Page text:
Posts in: 5月, 2015

    2015/5/7
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sword9

“I sometimes have to go through the hell to pursue the ultimate sword,” says master sword smith Akihira, one of roughly 10 active sword smiths and the most passionate. Unlike most of the other living sword smiths, he began honing his skills at the age of 25, after graduating from college and working some years as a salesperson.

He was bestowed the name ‘Akihira’ from his master after completing his 5-year apprenticeship. Akihira opened his own smithy immediately after gaining independence, unusual for young sword smiths. Many newly-minted sword smiths stay at their master’s place for some years as it is often difficult to find new clients. Serving as an apprentice is never easy, but through hard work Akihira was able to quickly Read More

    2015/5/1
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The last two steps are handed to different masters.

3) Togi / polishing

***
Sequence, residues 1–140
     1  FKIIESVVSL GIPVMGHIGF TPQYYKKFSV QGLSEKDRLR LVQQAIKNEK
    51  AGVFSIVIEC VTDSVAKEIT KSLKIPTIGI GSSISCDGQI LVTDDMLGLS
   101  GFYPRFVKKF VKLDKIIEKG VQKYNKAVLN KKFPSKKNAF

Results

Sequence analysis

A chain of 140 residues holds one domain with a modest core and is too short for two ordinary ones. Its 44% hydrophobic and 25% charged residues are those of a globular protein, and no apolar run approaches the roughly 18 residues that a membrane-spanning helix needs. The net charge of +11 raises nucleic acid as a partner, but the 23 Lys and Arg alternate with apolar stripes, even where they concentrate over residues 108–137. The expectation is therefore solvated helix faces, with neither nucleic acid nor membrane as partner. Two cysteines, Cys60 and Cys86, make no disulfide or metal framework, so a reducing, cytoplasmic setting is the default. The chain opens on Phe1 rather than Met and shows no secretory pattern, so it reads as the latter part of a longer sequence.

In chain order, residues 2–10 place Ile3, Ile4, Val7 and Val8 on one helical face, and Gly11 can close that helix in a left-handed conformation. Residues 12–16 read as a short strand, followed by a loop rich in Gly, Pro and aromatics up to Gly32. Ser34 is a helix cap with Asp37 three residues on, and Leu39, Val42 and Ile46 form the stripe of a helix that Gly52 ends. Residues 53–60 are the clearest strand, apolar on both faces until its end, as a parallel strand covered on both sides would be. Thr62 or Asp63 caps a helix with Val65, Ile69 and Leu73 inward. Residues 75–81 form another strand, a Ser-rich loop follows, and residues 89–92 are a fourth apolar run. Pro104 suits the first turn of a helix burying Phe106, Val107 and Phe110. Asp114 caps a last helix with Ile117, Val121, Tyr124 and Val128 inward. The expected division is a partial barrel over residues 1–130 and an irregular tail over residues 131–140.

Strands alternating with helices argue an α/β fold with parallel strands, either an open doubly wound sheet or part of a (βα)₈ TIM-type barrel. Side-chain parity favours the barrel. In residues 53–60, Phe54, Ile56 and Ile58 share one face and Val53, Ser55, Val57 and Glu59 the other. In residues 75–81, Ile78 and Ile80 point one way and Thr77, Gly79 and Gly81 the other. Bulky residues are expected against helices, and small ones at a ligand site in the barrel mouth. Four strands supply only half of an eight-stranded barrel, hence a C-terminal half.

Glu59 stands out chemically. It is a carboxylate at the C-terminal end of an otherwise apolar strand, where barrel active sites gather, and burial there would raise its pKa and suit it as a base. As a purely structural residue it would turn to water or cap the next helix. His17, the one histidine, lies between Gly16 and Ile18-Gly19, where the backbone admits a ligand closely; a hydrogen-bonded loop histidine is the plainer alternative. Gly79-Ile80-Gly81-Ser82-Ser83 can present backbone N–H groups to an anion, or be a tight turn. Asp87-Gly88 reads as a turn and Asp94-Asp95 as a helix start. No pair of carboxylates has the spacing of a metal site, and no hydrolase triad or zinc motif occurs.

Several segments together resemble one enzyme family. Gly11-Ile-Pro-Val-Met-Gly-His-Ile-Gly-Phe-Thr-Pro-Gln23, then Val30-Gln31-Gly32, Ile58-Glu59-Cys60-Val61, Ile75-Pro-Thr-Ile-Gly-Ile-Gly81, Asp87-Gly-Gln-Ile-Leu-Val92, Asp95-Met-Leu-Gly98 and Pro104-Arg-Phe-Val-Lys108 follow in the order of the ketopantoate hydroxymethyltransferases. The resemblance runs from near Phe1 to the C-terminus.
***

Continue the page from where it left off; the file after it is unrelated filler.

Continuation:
The sword is passed on to a specialist for polishing. This step of the construction serves a dual purpose: to sharpen the blade and reveal its inner beauty. Polishing is a laborious process made all the more difficult by the careful use of many different grades of polishing stones. Coarse stones are used first to shape the blade. Then, progressively finer stones are used to refine the blade’s surface.

sword_akihira

4) Shiage / fittings

The basic function of a Japanese sword mounting is the protection of the blade. However, mounting styles, koshirae, differ according to era. The preparation of a mounting requires the handiwork of several different skilled craftsmen: the scabbard maker, lacquerer, Read More